ad blocking ios9

When apple announced the features of iOS9 attention immediately went to how safari will be able to block ads. Joyous response from users and tales of doom from publishers.

I’ve blocked ads for a long long time on the web. My browsers are locked down with ABP and ghostery. Publishers who whine and cry about lost revenue have no sympathy from me, because they only have themselves to blame. Pop-ups, pop-overs, flashing banners, autoplay videos, lightboxes, the list goes on. The system is broken. Everyone is trying to pass the buck. And they wonder why users are so put off by advertising they take a sledgehammer approach and refuse to engage at all.

Here’s an example, a video capture of a user trying to read a NYT article, ironically on reactions to ad blocking in iOS9, and not able to because a huge banner ad at the top of the page refuses to move and refuses to let him scroll down to read the article.

Someone else did a very comprehensive and technical study that shows that video ads and large jpg files were called but not served to the mobile browser. In other words, the publisher was charged for the advertising, the user’s phone data was used and yet nothing happened beyond an enormous delay on pageload. So who is the victim here?

Publishers must know what is going on on their website. I found 3 trackers on my own website, when I don’t even have advertising. I got rid of the sitemeter tracker but the other two—yahoo and doubleclick—come from youtube and flickr links so I can’t get rid of them. For my readers, please install Ghostery to block these trackers.

Because trackers are the worst offenders. As Ben Brooks pointed out in his meticulous series on mobile adblocking,

While advertising is visually ugly, it is rather harmless. Trackers on the other hand are invisible and are privacy nightmares.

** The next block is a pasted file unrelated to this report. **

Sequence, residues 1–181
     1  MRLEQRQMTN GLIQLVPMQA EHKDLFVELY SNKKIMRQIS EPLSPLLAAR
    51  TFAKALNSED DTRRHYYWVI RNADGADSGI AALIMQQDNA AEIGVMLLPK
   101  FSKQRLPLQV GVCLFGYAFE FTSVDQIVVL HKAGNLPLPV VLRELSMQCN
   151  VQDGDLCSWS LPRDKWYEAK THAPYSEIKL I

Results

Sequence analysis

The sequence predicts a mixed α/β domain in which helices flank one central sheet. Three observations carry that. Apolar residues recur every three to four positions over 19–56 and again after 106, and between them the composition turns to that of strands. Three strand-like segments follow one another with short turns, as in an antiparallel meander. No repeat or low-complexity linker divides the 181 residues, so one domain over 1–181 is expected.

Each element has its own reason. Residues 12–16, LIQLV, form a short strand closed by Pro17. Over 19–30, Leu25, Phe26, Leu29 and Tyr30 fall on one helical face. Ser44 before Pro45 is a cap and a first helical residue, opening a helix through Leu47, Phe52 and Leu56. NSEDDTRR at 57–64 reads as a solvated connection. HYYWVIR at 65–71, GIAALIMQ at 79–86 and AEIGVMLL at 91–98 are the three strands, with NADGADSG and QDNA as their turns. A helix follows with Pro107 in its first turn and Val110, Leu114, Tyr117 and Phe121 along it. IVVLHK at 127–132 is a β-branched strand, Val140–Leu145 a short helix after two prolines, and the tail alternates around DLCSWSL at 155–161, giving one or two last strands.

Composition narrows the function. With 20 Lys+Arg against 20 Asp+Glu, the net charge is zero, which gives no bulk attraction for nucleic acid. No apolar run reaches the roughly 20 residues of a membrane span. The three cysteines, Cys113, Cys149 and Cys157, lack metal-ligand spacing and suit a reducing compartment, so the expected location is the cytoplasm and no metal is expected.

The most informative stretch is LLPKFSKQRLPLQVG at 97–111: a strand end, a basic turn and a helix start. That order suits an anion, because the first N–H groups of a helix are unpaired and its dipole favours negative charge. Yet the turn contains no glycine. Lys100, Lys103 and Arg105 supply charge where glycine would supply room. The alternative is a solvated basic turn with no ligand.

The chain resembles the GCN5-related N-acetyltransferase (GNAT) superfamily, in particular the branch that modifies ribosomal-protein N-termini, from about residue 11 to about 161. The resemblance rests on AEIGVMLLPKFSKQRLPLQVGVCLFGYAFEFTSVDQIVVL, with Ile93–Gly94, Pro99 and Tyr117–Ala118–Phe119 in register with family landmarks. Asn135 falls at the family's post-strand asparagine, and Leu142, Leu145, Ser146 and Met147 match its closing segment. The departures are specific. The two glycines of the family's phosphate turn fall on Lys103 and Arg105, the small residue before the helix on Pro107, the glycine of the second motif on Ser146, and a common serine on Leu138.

His analogy for trackers throw all those whining of publishers and advertisers out of the window,

I’ll look at a shitty, innocent, picture of a product on your site, but in no universe does me reading your story give you the right to follow me around for the rest of the day.

Put another way: just because I showed up for your free book reading, doesn’t mean you get to come to dinner with me to tell me more about your awesome book. I came, I saw your book, it sucked, I left, our interaction is over.

As soon as iOS9 was available, ad blocker apps came online. I was too late to download Peace so I’ve been looking at Crystal and Purify. The problem is that none of the blockers work all the time, and news is emerging that crystal is allowing in advertisers who paid a whitelist fee. This is simply not acceptable. There are other options and perhaps 1Blocker is worth considering.


In the absence of anything better, I’ve now switched to ABP browser instead of safari. Sledgehammer approach? Absolutely. Until and unless publishers and advertisers start listening to users and consumers, I have no choice if I want to protect my browsing experience.